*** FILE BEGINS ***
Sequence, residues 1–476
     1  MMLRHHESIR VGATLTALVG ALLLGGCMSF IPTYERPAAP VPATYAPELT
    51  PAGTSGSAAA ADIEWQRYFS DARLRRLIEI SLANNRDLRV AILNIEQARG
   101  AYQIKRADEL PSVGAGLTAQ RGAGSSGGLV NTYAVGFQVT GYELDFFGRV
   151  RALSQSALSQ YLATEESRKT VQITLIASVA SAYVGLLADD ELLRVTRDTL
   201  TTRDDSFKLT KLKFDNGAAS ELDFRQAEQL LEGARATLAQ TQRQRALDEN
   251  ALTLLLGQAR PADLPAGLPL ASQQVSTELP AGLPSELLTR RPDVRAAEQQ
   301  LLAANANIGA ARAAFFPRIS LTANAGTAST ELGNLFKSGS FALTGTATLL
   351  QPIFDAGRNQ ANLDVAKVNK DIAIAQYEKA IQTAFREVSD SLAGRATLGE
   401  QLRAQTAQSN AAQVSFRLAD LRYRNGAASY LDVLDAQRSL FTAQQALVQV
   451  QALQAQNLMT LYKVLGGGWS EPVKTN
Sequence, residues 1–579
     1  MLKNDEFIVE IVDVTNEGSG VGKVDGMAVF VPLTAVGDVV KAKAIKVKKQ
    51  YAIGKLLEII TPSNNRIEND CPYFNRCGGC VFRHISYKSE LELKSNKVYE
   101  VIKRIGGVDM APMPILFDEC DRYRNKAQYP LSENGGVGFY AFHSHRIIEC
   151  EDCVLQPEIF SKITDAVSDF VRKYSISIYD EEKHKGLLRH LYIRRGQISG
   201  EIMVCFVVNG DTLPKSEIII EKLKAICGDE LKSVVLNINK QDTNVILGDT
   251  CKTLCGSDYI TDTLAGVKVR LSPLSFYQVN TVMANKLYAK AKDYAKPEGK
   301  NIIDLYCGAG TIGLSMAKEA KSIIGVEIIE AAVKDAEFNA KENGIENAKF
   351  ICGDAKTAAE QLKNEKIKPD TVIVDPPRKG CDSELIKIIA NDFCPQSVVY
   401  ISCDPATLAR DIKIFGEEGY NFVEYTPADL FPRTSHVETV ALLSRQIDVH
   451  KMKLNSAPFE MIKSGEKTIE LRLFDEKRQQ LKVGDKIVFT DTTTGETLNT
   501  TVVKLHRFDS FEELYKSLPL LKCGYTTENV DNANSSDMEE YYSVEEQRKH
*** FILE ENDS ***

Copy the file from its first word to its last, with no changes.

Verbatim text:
Sequence, residues 1–476
     1  MMLRHHESIR VGATLTALVG ALLLGGCMSF IPTYERPAAP VPATYAPELT
    51  PAGTSGSAAA ADIEWQRYFS DARLRRLIEI SLANNRDLRV AILNIEQARG
   101  AYQIKRADEL PSVGAGLTAQ RGAGSSGGLV NTYAVGFQVT GYELDFFGRV
   151  RALSQSALSQ YLATEESRKT VQITLIASVA SAYVGLLADD ELLRVTRDTL
   201  TTRDDSFKLT KLKFDNGAAS ELDFRQAEQL LEGARATLAQ TQRQRALDEN
   251  ALTLLLGQAR PADLPAGLPL ASQQVSTELP AGLPSELLTR RPDVRAAEQQ
   301  LLAANANIGA ARAAFFPRIS LTANAGTAST ELGNLFKSGS FALTGTATLL
   351  QPIFDAGRNQ ANLDVAKVNK DIAIAQYEKA IQTAFREVSD SLAGRATLGE
   401  QLRAQTAQSN AAQVSFRLAD LRYRNGAASY LDVLDAQRSL FTAQQALVQV
   451  QALQAQNLMT LYKVLGGGWS EPVKTN
Sequence, residues 1–579
     1  MLKNDEFIVE IVDVTNEGSG VGKVDGMAVF VPLTAVGDVV KAKAIKVKKQ
    51  YAIGKLLEII TPSNNRIEND CPYFNRCGGC VFRHISYKSE LELKSNKVYE
   101  VIKRIGGVDM APMPILFDEC DRYRNKAQYP LSENGGVGFY AFHSHRIIEC
   151  EDCVLQPEIF SKITDAVSDF VRKYSISIYD EEKHKGLLRH LYIRRGQISG
   201  EIMVCFVVNG DTLPKSEIII EKLKAICGDE LKSVVLNINK QDTNVILGDT
   251  CKTLCGSDYI TDTLAGVKVR LSPLSFYQVN TVMANKLYAK AKDYAKPEGK
   301  NIIDLYCGAG TIGLSMAKEA KSIIGVEIIE AAVKDAEFNA KENGIENAKF
   351  ICGDAKTAAE QLKNEKIKPD TVIVDPPRKG CDSELIKIIA NDFCPQSVVY
   401  ISCDPATLAR DIKIFGEEGY NFVEYTPADL FPRTSHVETV ALLSRQIDVH
   451  KMKLNSAPFE MIKSGEKTIE LRLFDEKRQQ LKVGDKIVFT DTTTGETLNT
   501  TVVKLHRFDS FEELYKSLPL LKCGYTTENV DNANSSDMEE YYSVEEQRKH